Not So Much Progress

Well, I did finish one story but not the meaty story, weekend-writing-goal-fail. I got wrapped up in the first story. It passed with fiancé with relatively little complaint or issue, which is a first. She did have a comment about it not feeling fresh, having done some reflecting I agree – she isn’t a science fiction fan either, color me impressed. I’ve spent some time thinking about how to more explicitly present some elements that I implicitly had woven in. Perhaps I thought I was being clever by being oblique or maybe it was a rookie mistake, I don’t know, I’m still learning. I feel by making the sublte elements more visible I can give the story some mojo, a little more oomph.

Reordering some of the events presented clarity to the evolution of the story. I think in a very short time the story has come a long way, almost unrecognizable from the first draft. I think this short story is stronger, unique, but not different enough to feel weird or terribly unfamiliar.

I’d like to think this story is salable but it ultimately isn’t up to me. Hopefully the untold of hours of slaving in the word mines will start to pay off soon. I still haven’t broken the 1 million word mark but I am pretty close. If you aren’t familiar with the 1 million word rule, it takes that many words to jump the novice fence and into the money making writer club. I don’t know how true that is, I suppose time will tell. I’d like to think every wade through the crap-filled novice river means I am that much closer to catching a keeper and feeding my family, aka student loans – they have hungry mouths.

After reading Writing to Sell by Scott Meredith, I learned some nifty tricks/ideas on how to write a marketable story. One chapter in particular that struck home was the insights into flashbacks. Essentially keep flashbacks short and sweet, or make a chapter. Don’t make this entire weird dialogue in the middle of a moving story where the reader finds themselves magically whisked away, it breaks that magical fantasy land and gets confusing.

Yeah, I’m guilty of that.

I did start editing the meaty story, but I didn’t finish. I ended up cutting the 15k words down to 7k. Cutting flashbacks and streamlining some events really made the difference. I suppose that is the magic of editing. Take 15k words of meh and turning it into 7k words of gold. Still plenty of work left to do, but generally that is where I left things before jumping back into the first story. I need to get that beast slain.

So my new goal is a recycled old goal; finish the second story by this weekend.

What about you penmonkeys, what are your goals?

 

 

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8 thoughts on “Not So Much Progress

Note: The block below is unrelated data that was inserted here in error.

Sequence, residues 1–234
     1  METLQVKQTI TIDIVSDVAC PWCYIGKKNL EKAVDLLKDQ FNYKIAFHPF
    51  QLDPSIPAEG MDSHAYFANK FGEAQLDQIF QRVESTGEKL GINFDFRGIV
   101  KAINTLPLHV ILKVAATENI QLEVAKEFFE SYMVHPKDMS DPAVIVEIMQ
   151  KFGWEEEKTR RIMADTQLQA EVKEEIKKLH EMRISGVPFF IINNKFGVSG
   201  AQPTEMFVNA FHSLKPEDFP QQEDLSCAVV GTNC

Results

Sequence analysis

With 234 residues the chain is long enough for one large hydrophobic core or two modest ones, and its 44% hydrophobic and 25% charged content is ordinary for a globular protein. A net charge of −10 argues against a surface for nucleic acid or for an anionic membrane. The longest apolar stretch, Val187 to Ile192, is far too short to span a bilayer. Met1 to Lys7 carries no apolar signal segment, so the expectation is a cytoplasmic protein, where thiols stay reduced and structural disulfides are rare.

1. Julie says:

    Sounds like you’ve made some solid progress, coupled with good insights. Always my favourite combination and it tends to make up for not quite achieving the overall goal.

    As for me, I’m about to NaNo my way through another novel, starting in the next day or two. I live for stress apparently. 🙂

    • Frank Bishop says:

      The casual way you said that implies to me that you have written a few novels and/or are have frequent NaNo miles, how many novels have you written?

      • Julie says:

        That depends on how you want to count the novels I’ve written. Generally I say 3, this coming one being my fourth, but in truth, it’s a bit complicated, and that’s still only counting the ones I’ve finished a draft on. I refuse to count anything that dies before I cross the finish line. 🙂

        As for frequent NaNo miles (love that), I’m starting to really rack them up. I’ve learned that the only way for me to get to the end is to write faster than my effectively trained inner editor can run, which seems to require approximately 2k words per day. :p That said, at least I’m getting stuff done (yes, editing too, in between drafts of new stuff).

      • Frank Bishop says:

        Well that is awesome, I wish I had your enduring blitzkrieg drive to power yourself through novels. Writing a novel can be taxing, making your way through three and doing it in the NaNo format, I can only imagine the mental constitution you had to find at one in the morning when staring at a blank screen. How long did each book take to complete?

        I found the word limit a day was too much for me to realistically follow, I expanded it to a week and that seems to work. To beat the inner nay-saying editor I have to break everything into separate documents. Else he comes out like the snow monster in Ski Free.

      • Julie says:

        I’m averaging around 20-25 days per novel (they tend to be around 80-85k range). I tend to do my writing mostly in the afternoon and evening, so that might also help, for me at least, because then I have the whole morning to work up to it.

        The one problem with continually doing this is that I seem to be stuck on fast forward… Oh well, it could be worse. I could stall. 🙂

  2. rosieoliver says:

    Hm… you learn the rules…. and then you learn when and how to break them. Flashbacks should only be used if they progress the story either by plot o character development… I personally have got to the point where i don’t use a flashback unless I have no other choice. Good luck with your story.

    • Frank Bishop says:

      “I personally have got to the point where i don’t use a flashback unless I have no other choice.”

      That was the big lesson learned this weekend. The fact that other writers are agreeing makes me feel it was a good lesson learned.

  3. Right now I just need to find time to re-read the latest manuscript and begin edits. Interesting about the flashback. Glad to see that having one encompass a whole chapter is OK, since I did that in the first novel. I’m so done fiddling with that thing, would hate to have to go back and fix it.

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